Postal proposal would eliminate door service

June 6, 2014

By Tonda F. Rush


WASHINGTON—The House Oversight and Government Reform Committee in May carried out its second attempt to move postal reform legislation through the 113th Congress by approving a measure that would phase out door-to-door mail delivery.

H.R. 4670, Secure Delivery for America Act of 2014, would require the U.S. Postal Service to begin cluster-box or curbside service on 15 million addresses currently served by door service. USPS claims such a conversion could save $2 billion annually. USPS would convert 1.5 million addresses a year, focusing first on new neighborhoods.

The bill passed the committee on a party-line vote and now heads to the House floor where it will join the previously passed Postal Reform Act of 2013 to await floor action. The previous postal reform bill has not seen final passage because controversy in the House over ending Saturday mail delivery. The Senate similarly has not moved forward on the companion bill.

In other action:

• The National Newspaper Association joined a wide coalition of mailing organizations to urge Congress not to pass yet another bill sponsored by Rep. Darrell Issa, R-CA, OGR chair, on postal reform. Pointing to endorsements by the Obama administration of five-day delivery and a continuation of the extraordinary 3.4 percent exigency postage increase imposed by USPS last January, Issa tried to move a bill that would have mandated both measures. After a massive outpouring of opposition, he was forced to cancel his committee’s session to recommend the bill.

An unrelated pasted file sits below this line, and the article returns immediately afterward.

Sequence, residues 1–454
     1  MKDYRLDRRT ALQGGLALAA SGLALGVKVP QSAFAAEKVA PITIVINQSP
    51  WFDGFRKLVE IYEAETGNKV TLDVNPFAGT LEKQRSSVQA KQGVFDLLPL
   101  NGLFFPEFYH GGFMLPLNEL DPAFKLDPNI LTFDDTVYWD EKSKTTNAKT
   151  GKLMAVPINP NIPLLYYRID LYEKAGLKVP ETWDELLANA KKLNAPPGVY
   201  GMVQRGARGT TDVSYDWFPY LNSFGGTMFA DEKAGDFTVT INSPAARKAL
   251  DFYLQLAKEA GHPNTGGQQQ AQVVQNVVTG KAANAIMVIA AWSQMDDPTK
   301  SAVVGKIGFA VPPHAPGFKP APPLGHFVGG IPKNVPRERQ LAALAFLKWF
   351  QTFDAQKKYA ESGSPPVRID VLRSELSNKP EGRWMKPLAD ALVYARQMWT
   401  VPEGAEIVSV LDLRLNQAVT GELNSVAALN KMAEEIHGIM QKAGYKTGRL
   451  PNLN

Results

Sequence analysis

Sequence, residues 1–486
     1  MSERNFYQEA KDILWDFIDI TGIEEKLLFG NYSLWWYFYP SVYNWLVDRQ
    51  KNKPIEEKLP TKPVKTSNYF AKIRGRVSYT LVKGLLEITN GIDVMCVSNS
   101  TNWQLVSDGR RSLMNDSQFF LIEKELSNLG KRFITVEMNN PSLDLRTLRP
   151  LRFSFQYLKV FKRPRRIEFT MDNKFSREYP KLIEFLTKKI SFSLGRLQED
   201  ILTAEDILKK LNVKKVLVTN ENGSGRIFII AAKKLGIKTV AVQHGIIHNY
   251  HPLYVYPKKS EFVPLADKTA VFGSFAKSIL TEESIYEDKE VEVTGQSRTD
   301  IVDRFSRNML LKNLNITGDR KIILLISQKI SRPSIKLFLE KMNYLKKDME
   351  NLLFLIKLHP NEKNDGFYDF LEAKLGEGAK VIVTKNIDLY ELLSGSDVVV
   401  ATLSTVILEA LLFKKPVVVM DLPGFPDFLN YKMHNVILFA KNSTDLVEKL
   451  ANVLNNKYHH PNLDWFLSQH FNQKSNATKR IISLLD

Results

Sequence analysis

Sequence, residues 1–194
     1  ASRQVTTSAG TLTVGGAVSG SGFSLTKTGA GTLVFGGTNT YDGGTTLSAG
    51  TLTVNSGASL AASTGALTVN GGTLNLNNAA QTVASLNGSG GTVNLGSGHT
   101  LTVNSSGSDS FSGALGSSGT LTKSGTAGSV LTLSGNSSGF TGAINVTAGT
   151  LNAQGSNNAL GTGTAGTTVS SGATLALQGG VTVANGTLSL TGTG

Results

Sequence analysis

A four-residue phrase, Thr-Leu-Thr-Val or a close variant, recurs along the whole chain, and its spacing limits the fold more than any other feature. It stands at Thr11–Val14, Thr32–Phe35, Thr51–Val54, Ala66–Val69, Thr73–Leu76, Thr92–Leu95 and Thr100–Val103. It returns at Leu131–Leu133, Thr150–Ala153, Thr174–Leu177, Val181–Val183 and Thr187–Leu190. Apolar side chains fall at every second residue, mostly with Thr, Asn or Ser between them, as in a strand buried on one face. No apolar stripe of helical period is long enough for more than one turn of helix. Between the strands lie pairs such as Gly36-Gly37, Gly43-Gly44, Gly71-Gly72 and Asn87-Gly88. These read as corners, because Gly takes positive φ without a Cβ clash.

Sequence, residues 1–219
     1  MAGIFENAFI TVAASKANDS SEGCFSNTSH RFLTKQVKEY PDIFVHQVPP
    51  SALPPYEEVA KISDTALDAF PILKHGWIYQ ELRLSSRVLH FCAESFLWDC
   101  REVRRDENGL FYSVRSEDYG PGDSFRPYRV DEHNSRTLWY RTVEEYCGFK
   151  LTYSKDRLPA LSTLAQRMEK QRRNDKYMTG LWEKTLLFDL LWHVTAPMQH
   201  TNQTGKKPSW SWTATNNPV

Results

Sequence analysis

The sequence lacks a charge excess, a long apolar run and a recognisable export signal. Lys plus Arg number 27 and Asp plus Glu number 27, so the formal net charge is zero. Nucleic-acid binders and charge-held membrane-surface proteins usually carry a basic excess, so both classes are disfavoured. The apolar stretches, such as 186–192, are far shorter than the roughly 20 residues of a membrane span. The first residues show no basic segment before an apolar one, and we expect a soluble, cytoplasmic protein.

• USPS reported that it continues to lose money, racking up a $1.9 billion loss for the fiscal year as of March 31. There was some good news buried in its report. On operations alone, the organization had about a $1 billion in positive earnings. However, the obligations to prepay its future retirees health benefits, imposed by Congress in 2006, drag its balance sheet into red ink every year. Although USPS accounts for the liability, it has not actually made a required $5 billion annual payment to the U.S. Treasury for several years. Postal Service executives told the Mailers Technical Advisory Committee in May that it does not expect to make the 2014 payment either.

• USPS will begin in July to formally implement a hub system for mail entry of direct containers at many of its closed Sectional Center Facilities. Following up on an initiative by NNA begun last July to permit direct 5-digit containers of newspapers to bypass lengthy transportation to mail processing plants, USPS has studied ways to permit the bypass for more mail. Although NNA’s authorization was granted in March, a more sweeping initiative will begin to roll out in July. NNA members can get dock transfer of direct containers within their former SCF under the policy to keep mail from traveling great distances and back.

• USPS also shared with NNA in May that it would begin a test to scan newspaper bundles at delivery units, provided mailers can identify them with a barcode. The test would attempt for the first time to generate electronic documentation on mail that misses expected delivery dates. Before the test can begin, more work is needed with postal software companies to design and implement a bundle barcode. NNA will continue to be involved with this experiment, according to NNA Postal Committee Chair Max Heath.

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